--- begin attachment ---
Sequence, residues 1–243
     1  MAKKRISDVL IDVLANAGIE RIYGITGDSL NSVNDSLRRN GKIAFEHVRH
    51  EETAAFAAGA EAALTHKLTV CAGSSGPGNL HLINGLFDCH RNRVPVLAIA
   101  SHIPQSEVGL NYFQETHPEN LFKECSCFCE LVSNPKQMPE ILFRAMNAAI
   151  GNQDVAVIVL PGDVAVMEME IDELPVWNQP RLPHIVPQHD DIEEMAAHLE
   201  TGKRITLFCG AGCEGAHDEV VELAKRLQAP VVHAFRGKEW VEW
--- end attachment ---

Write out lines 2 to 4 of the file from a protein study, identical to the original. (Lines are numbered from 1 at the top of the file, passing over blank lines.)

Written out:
     1  MAKKRISDVL IDVLANAGIE RIYGITGDSL NSVNDSLRRN GKIAFEHVRH
    51  EETAAFAAGA EAALTHKLTV CAGSSGPGNL HLINGLFDCH RNRVPVLAIA
   101  SHIPQSEVGL NYFQETHPEN LFKECSCFCE LVSNPKQMPE ILFRAMNAAI